The thought of making an eagle can be so seductive.

It's an instant game-changer.

But one eagle opportunity has been taken away from this year's U.S. Open, as the second hole will once again be converted from a par 5 into a par 4.

That leaves three par 5s on the course, which can be reachable in two with firm U.S. Open conditions, pending wind: Nos. 6, 14 and 18.

But there might be a fourth eagle opportunity this year, and that's the scenic 331-yard fourth hole at Pebble Beach Golf Links.

With so many players able to reach par 5s in two these days, the most exciting hole in golf has become the drivable par 4. And while the uphill fourth hole hasn't traditionally fit that billing — certainly not in wet AT&T Pebble Beach National Pro-Am conditions, and not back in 2000 — that could change this year.

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"We're a bit undecided on No. 4," said Mike Davis, the USGA's senior director of Rules and Competition. "We want to see how the weather conditions are, and how it matches up with certain hole locations. It is certainly something we've thought about."

During Davis' first year setting up U.S. Opens in 2006, he turned up the temptation on Winged Foot's 321-yard sixth hole. In 2007, Oakmont had a riveting finish to the course, highlighted by the 313-yard 17th hole.

And in 2008 at Torrey Pines, Davis moved the tees forward on No. 14 for Sunday's final round, making it just 267 yards, or 21 yards shorter than the par-3 eighth hole at Oakmont was in 2007.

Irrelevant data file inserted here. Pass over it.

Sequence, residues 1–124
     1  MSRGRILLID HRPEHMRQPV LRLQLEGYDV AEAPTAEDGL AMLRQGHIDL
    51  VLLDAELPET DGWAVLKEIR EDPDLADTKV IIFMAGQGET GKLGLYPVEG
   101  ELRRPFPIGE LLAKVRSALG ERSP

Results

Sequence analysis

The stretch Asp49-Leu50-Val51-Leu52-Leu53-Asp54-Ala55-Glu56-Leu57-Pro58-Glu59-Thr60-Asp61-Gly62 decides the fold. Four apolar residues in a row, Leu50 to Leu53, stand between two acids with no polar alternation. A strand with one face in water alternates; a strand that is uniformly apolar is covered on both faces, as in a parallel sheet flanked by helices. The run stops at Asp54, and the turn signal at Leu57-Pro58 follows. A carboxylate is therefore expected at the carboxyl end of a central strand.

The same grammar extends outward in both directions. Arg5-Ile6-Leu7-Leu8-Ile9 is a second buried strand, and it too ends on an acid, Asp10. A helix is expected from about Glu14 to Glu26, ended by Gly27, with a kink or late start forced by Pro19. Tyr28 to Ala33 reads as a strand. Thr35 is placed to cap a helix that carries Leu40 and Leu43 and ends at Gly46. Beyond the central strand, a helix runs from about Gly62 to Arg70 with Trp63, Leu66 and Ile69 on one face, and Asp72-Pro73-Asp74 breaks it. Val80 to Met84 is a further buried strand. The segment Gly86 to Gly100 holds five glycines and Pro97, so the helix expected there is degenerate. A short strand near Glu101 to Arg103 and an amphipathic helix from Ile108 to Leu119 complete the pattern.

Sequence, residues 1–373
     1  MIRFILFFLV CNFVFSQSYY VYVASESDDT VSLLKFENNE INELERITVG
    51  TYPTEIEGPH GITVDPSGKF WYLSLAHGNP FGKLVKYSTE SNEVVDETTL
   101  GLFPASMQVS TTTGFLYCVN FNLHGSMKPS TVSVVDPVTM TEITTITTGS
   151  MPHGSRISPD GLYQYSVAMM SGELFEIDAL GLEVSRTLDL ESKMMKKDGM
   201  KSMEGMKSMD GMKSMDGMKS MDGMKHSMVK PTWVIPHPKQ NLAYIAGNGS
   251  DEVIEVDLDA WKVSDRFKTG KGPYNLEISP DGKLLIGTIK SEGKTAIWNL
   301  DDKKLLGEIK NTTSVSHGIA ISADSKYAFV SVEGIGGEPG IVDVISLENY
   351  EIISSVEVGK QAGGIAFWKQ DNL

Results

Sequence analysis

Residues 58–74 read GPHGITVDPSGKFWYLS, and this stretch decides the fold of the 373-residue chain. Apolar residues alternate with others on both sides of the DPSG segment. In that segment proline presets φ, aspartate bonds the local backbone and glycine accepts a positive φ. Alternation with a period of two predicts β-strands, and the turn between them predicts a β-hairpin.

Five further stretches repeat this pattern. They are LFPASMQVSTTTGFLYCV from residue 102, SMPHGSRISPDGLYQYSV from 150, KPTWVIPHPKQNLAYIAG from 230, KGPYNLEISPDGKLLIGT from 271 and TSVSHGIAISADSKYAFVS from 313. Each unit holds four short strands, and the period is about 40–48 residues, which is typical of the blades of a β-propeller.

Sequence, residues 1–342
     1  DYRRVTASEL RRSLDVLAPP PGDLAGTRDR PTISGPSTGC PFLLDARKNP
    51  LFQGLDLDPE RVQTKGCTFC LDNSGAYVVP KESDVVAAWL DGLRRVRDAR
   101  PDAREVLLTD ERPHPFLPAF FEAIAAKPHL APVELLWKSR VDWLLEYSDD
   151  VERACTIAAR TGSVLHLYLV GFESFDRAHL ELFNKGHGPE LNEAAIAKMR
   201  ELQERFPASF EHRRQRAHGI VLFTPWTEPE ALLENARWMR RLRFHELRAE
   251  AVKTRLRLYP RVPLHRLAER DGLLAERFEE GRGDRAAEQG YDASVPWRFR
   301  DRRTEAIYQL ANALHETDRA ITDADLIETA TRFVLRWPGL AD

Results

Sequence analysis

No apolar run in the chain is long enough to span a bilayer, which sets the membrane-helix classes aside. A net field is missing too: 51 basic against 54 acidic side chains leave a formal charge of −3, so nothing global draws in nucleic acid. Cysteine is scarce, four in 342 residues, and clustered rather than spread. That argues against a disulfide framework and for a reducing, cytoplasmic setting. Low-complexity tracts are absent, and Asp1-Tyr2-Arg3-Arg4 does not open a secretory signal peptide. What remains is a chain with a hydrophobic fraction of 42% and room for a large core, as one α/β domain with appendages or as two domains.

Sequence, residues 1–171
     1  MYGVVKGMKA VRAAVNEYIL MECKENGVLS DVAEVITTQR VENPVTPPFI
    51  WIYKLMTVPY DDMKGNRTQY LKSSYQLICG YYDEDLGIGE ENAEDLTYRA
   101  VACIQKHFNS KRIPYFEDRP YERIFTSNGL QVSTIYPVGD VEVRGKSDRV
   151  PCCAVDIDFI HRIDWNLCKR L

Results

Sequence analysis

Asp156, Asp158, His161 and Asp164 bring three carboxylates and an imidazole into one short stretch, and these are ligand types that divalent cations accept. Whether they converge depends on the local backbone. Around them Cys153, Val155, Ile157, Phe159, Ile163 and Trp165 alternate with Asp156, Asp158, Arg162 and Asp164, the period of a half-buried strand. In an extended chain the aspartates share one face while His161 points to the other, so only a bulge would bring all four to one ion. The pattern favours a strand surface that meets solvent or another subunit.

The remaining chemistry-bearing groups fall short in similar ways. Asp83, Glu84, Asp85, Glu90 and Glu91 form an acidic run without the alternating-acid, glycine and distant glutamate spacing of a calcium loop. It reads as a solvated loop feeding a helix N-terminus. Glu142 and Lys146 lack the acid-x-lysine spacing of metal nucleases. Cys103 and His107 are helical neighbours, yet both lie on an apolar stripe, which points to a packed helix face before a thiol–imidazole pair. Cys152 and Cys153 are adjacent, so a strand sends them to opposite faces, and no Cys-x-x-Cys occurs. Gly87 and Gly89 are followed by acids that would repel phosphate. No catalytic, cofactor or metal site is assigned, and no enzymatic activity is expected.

"We really have been trying the last four or five years to increase the risk-reward on certain holes or certain shots to allow the guys to gamble a little bit," Davis said. "If they pull it off, they absolutely can make a birdie or eagle. But if they try it, and they're aggressive, and they don't execute properly, then they'll be worse off than if they had just played conservatively."

The fourth hole shares a back tee with No. 17, which moves across the road to stretch that par 3 to 208 yards.

But there are also tee boxes on the fourth hole spanning from the 256-yard red tees to the 295-yard white tees and the 308-yard gold tees. So there are options.

But trying to drive the fourth hole is the definition of risk-reward. One of the smallest and steepest greens on the course is surrounded by four bunkers, and the entire hole rests along the coastline. A shot just five yards wide of the green can tumble down a cliff.

"I was really surprised at the AT&T this year," said RJ Harper, senior Vice President of the Pebble Beach Company. "The young guys were pulling driver. No fear. Most guys were going left and a little short.

"I think the hole will be drivable anyway because of how firm the fairways will get."

For those who choose the more sensible route, the layup shot has been toughened as well. While it's only 200 yards to carry a cross bunker and land safely in the fairway, a pot bunker has been moved closer to the center of the old fairway, coming into play 100 yards out from the green.

The rough has been grown in from the left to start where that pot bunker is, cutting the new fairway nearly in half and pushing it along the edge of the ocean. A second bunker was also added in the left rough, short of the green, which constricts the landing area for players who hit driver.

"We really framed the left side so it's intimidating now," Harper said. "Guys could always afford to miss left. Not anymore."

Kevin Merfeld can be reached at 646-4457 and

No. 4
·Yardage: 331 yards
·Par: 4
·What's new: Pot bunker moved to the right to push fairway right and along coastline. Bunker added in left rough short of green.